So, I played with publisher, and totally made my own crafty project journal with weekly calendar and blog planner pages… 🙂
It’s fun – have it printed out double sided somewhere, then have it cut in half so you have 8×5 pages. Hole punch them for your mini binder or old day planner binder, and you’re set! 🙂
I’m trying to be more organized, as I tend to get messy and forget where I’m at on projects. 🙂
Yearly Calendars – 2014 and 2015 calendar pages. Print double sided, throw half a page away (couldn’t find a good 2016 or 2017 calendar page, so I’ll update this next year :))
half page calendar – blank monthly calendar, 4 per sheet. Cut in half, hole punch above the week line, and you’re golden.
Weekly Calendar 1 week per page. Cut in half, hole punch in side, and then I put the Weekly Blog Planner in between each page – it makes it so you can plan your blog next to your week if you want to.
Journal 01 4 different pages per sheet. Each sheet is a set. It’s annoying when cutting, but makes a nice 4 page worksheet with a blog planner in it.
Passwords – I tend to forget passwords. A lot. I constantly have to reset them, which gets annoying, so I’m totally using the hell out of this! 😀
Project Master lists – A project master list, with the name, start date, completion date, and cost on one side of the page, then a quick view project notes and materials list. a bit redundant, and I may end up just making a tear out shopping list page for in the project journal area. If I do, this will change.. 🙂
I had a wonderful offer from a dear friend, Vittoria. She’s amazing – She knows so much about crafting medieval and renaissance clothing that it boggles my mind sometimes..
So she offered a huge deal – to teach me how to make my own garb, patterns and all, from the skin out. By hand. If I do this, by hand, and using things like linen and silk and such for all threads and fabric, she’ll help me. Amazing, right? Also, I must blog it. 🙂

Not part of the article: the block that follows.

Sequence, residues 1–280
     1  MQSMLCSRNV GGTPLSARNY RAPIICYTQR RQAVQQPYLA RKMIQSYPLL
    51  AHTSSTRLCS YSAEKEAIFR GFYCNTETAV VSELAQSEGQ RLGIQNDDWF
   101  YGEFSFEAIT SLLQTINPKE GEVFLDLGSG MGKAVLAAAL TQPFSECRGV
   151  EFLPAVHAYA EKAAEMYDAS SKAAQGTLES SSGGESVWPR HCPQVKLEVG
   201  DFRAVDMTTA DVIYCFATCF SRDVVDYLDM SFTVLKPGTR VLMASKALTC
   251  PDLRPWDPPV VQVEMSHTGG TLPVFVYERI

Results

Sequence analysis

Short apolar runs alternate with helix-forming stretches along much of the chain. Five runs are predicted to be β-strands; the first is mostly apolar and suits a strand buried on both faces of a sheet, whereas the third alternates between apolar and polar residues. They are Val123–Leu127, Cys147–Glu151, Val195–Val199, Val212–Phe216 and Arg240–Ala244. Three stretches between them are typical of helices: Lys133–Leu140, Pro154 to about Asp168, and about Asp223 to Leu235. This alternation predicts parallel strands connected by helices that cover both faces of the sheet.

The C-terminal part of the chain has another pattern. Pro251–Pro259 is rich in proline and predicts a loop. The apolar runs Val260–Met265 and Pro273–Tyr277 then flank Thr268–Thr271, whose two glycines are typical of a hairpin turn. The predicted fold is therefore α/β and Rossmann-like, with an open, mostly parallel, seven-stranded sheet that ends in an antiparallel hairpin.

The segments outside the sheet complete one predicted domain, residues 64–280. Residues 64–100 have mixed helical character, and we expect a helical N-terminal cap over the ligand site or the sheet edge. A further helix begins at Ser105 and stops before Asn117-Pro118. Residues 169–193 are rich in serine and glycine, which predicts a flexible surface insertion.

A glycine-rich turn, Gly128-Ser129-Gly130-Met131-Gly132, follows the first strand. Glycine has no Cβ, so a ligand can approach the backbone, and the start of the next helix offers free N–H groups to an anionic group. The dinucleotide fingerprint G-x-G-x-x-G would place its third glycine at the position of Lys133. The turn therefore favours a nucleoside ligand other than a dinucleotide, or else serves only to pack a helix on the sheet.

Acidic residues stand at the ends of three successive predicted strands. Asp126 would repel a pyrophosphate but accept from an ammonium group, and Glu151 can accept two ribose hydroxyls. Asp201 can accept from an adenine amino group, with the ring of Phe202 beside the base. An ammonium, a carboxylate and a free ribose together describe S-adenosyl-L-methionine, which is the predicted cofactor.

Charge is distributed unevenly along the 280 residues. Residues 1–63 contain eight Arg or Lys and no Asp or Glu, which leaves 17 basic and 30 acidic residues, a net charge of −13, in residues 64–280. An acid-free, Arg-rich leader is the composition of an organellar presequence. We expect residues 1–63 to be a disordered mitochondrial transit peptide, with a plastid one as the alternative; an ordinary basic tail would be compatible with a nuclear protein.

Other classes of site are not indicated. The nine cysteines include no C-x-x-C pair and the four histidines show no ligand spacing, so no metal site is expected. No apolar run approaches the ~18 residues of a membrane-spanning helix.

What makes it more awesome (not that much could, because WOW!!!! Learning from someone who’s a MASTER!) She also offered, if i do this project…. BEAUTIFUL fabric for the overdress… 🙂
So, there’ll be a new page up here in a minute, the Garb of Amazing Handsewingness, to help track some of my progress.
So far – List of articles I want to make, and ordering 5 yards of white linen for the underpants! 🙂
It will be SO AMAZINGLY FUN… 🙂
So, I use mostly portraits to research costuming – it makes it so I’m sure of how it probably looked (artistic license makes it impossible to know for sure), and it’s fun to make a dress in the style of my favorites.
Something I’ve been working on lately is fastening the dresses – being a SCAdian, and going to a lot of camping events being single – means either having to figure out how to fasten everything in the front, or run around the campsite yelling ‘Can someone lace me in?’ That would be fun, but I can imagine the remarks ‘How bout I unlace you’ would be the most PG 13 of all of them.
So I’m making my pair of bodies front-lacing, but that doesn’t help if I have to lace my dress up the back. You see a lot of Venetian ladies with front lacing dress, but very little about where and how the dresses of the Tudor era fasten. I believe that they laced up the front, and here’s my evidence.
If you look at the Study for the Portrait of the More Family, you’ll notice that some of the ladies show what looks like lacing in the front. These ladies were reasonably well-to-do, and would likely have had servants to help them dress, yet their dresses fastened in front?
The portraits of Mrs. Pemberton, Lady More, and Jane Seymore show what look like pinheads on the side of the front of their dresses – could this be a ‘stomacher’ panel pinned on one or both sides to cover up lacing? I believe so. Also, look at the sittow portrait of Katherine of Aragon – She’s got what looks like her chemise, then another undertype dress on that gaps at the top, then either a stomacher over it, or another dress. to keep the undertype dress closed to that point would have probably taken lacing. 🙂
So, I’m totally going to use front lacing, and a stomacher panel with hook-and-eye closing it on the side (which are period) to avoid poking myself with pins. 😀